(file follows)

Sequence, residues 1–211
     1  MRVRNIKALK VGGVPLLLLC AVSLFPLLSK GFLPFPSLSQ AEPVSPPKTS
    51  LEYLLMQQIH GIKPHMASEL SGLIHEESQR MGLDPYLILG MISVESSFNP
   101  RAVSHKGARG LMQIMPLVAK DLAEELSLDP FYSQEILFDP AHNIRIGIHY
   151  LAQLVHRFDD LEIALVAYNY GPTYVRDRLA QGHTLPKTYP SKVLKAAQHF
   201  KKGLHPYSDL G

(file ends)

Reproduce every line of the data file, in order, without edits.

Sequence, residues 1–211
     1  MRVRNIKALK VGGVPLLLLC AVSLFPLLSK GFLPFPSLSQ AEPVSPPKTS
    51  LEYLLMQQIH GIKPHMASEL SGLIHEESQR MGLDPYLILG MISVESSFNP
   101  RAVSHKGARG LMQIMPLVAK DLAEELSLDP FYSQEILFDP AHNIRIGIHY
   151  LAQLVHRFDD LEIALVAYNY GPTYVRDRLA QGHTLPKTYP SKVLKAAQHF
   201  KKGLHPYSDL G